Runaway Wall Street
By Robert Scheer
IT IS instructional that only one of the three tax-challenged Obama
appointees has survived public scorn to claim a high position in the
new administration. Oddly enough, it is Treasury Secretary Timothy
Geithner, the man who will collect our taxes, whose career has not
been stunted by his failure to pay them.
What makes Geithner so special? The answer, provided by everyone from
the president to the media pundits, is that his services are
indispensable because he has the expertise in regulating markets
needed to preside over the most massive government intervention in the
economy. Are they kidding?
Both in his years in the Clinton Treasury and as chair of the New York
Federal Reserve Bank, Geithner has been paving the way for a runaway
Wall Street. Nor has he changed his ways, as was evidenced once again
last week with his appointment of Mark Peterson, a Goldman Sachs vice
president and lobbyist, to be his top aide. Peterson had lobbied
strenuously for precisely the deregulation that the Obama
administration now concedes needs reversing. It was confirmation that
Goldman Sachs runs the Treasury Department—no matter which party is in
Last October The New York Times ran a devastating story entitled "The
Guys From 'Government Sachs,' " spotlighting the many Goldman Sachs
alums operating under the firm's former head, Henry Paulson, after he
was named Treasury secretary. The problem is that Geithner, whom Obama
appointed as Paulson's replacement, was totally enmeshed in Paulson's
handout to Wall Street while chair of the New York Fed. In that
capacity, Geithner was intimately involved in the highly questionable
negotiations to bail out AIG, in which Goldman had a $20 billion
partnership at risk.
Goldman Sachs CEO Lloyd C. Blankfein was present for those rushed and
highly guarded weekend meetings, which resulted in an initial $85
billion bailout for AIG and has since grown to $122 billion. As The
Times reported, "Mr. Paulson helped select a director form Goldman's
own board to lead AIG." That decision to save AIG came after the New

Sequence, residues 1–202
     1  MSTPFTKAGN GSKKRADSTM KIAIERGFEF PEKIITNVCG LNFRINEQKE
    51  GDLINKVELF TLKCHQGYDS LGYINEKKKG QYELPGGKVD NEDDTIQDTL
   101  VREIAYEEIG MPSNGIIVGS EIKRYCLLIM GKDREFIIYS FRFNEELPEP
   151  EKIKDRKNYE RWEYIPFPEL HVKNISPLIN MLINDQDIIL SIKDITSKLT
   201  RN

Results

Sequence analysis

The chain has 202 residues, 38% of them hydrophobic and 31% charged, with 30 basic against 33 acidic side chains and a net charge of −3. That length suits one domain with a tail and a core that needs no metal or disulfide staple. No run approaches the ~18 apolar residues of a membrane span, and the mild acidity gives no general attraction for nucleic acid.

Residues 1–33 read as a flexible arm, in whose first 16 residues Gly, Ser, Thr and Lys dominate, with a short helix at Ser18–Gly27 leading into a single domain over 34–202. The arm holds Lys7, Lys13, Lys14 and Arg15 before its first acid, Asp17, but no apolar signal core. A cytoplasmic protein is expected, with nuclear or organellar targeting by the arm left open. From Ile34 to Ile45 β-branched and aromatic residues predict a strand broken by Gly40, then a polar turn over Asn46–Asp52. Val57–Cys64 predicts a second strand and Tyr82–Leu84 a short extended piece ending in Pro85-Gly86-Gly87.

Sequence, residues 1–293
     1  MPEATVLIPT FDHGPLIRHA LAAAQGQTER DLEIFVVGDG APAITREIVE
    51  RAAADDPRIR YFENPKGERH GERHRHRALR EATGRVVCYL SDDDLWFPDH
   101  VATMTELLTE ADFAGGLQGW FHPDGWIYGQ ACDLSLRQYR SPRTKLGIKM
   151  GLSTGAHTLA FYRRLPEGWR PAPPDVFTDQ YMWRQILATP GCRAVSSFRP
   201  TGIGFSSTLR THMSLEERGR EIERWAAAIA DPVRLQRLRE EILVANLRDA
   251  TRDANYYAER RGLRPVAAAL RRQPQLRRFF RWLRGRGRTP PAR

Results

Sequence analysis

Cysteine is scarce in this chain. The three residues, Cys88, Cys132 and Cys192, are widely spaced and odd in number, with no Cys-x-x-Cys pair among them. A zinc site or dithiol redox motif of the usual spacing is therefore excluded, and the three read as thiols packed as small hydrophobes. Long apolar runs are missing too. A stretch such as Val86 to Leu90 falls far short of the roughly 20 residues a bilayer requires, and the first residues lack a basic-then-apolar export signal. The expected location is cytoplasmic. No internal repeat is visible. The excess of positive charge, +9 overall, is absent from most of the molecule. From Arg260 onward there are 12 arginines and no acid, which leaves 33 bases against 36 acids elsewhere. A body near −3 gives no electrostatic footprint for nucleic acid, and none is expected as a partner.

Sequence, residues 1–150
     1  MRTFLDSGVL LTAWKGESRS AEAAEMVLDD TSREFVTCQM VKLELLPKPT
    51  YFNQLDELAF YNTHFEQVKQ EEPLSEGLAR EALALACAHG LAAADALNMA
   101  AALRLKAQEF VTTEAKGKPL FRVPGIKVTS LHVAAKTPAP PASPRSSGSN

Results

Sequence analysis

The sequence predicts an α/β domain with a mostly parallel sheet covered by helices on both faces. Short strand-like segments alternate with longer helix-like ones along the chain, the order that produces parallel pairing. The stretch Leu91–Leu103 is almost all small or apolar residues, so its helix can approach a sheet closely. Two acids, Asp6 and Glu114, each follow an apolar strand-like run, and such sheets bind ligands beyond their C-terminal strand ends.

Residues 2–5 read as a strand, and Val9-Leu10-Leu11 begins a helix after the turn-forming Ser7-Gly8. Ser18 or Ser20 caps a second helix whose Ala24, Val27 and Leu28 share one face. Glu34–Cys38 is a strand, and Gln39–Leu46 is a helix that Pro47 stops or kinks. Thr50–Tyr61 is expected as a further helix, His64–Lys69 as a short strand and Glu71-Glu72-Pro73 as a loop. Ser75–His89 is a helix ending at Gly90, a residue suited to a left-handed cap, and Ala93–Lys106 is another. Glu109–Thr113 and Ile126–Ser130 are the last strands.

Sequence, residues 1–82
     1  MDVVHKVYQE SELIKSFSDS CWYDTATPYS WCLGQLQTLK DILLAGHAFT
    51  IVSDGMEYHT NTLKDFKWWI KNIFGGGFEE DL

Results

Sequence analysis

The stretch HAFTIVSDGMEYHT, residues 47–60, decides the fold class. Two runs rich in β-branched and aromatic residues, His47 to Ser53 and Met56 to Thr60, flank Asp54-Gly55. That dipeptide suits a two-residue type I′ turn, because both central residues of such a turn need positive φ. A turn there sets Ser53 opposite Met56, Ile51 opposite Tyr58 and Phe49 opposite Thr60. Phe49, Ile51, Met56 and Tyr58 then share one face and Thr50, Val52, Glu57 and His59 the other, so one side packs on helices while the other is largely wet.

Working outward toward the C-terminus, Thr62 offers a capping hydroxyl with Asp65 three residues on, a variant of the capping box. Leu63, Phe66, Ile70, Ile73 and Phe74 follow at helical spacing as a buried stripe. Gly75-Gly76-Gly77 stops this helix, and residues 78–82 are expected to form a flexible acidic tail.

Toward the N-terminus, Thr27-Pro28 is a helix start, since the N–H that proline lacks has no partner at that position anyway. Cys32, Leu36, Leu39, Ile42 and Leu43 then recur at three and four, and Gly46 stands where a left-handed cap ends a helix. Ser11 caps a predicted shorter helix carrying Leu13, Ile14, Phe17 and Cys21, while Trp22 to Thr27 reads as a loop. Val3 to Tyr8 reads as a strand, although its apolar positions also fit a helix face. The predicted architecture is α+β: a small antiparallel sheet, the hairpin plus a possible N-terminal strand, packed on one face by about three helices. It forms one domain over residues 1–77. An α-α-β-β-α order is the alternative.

York Fed, led by Geithner, summarily spurned requests to save Goldman
competitor Lehman Brothers. While he opposed Lehman's attempt to
reconstitute as a bank holding company and therefore obtain federal
financing, he later supported a similar request by Goldman Sachs.
Another major player in those machinations was Robert Rubin, who
headed Goldman Sachs before becoming Treasury secretary under Clinton
and who pushed for the radical deregulation that is at the center of
the banking crisis. Geithner was a protégé of Rubin's in that effort,
as was Lawrence Summers, who went on to be Clinton's Treasury
secretary after Rubin moved on to head Citigroup. Regrettably, Summers
is now the key White House economics adviser.
Rubin, Geithner and Summers are hell-bent on denying the
responsibility of their deregulation initiatives for the economic
crisis. But the reality is that the merger of investment and
commercial banks with insurance companies and stock brokers was
illegal before the approval of their legislation, which reversed the
Glass-Steagall Act passed under Franklin Delano Roosevelt. So, too,
the newfangled financial instruments were exempted from any government
regulation, thanks to the Commodity Futures Modernization Act, which
Summers got Clinton to sign into law a month before he left office.
The reversal of Glass-Steagall unleashed the robber barons, as was
freely conceded by Goldman CEO Blankfein in an interview he gave to
The New York Times in June 2007. "If you take an historical
perspective," Blankfein said, gloating back then about the vast
expansion of Goldman Sachs, "we've come full circle, because that is
exactly what the Rothchilds or J.P. Morgan the banker were doing in
their heyday. What caused an aberration was the Glass-Steagall Act."
The "aberration" being the sensible regulation of Wall Street to
prevent another depression, which now seems dangerously close at hand.
Since Glass-Steagall was repealed in 1999, Goldman Sachs experienced a
265 percent growth in its balance sheet, totaling $1 trillion in 2007.
What we need is an honest accounting of how we got into this mess,
beginning with an investigation of the role of Goldman Sachs as the
most insidious Wall Street player. But we are not likely to get that
from an administration populated by Goldman's Washington allies.
On Tuesday, new Attorney General Eric Holder assured Wall Street that
"We're not going to go out on any witch hunts." But what if the
once-celebrated financial wizards, still allowed to dominate our
economic policies, are indeed wicked witches?